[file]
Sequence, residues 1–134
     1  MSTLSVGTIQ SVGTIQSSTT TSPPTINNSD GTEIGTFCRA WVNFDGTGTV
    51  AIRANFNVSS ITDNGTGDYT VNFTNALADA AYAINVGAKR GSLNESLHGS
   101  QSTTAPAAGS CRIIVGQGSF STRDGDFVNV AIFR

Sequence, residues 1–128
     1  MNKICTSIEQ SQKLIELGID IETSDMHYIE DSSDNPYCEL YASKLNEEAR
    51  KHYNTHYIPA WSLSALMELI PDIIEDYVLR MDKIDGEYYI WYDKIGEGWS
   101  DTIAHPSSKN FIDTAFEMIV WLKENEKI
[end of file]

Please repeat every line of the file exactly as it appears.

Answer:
Sequence, residues 1–134
     1  MSTLSVGTIQ SVGTIQSSTT TSPPTINNSD GTEIGTFCRA WVNFDGTGTV
    51  AIRANFNVSS ITDNGTGDYT VNFTNALADA AYAINVGAKR GSLNESLHGS
   101  QSTTAPAAGS CRIIVGQGSF STRDGDFVNV AIFR

Sequence, residues 1–128
     1  MNKICTSIEQ SQKLIELGID IETSDMHYIE DSSDNPYCEL YASKLNEEAR
    51  KHYNTHYIPA WSLSALMELI PDIIEDYVLR MDKIDGEYYI WYDKIGEGWS
   101  DTIAHPSSKN FIDTAFEMIV WLKENEKI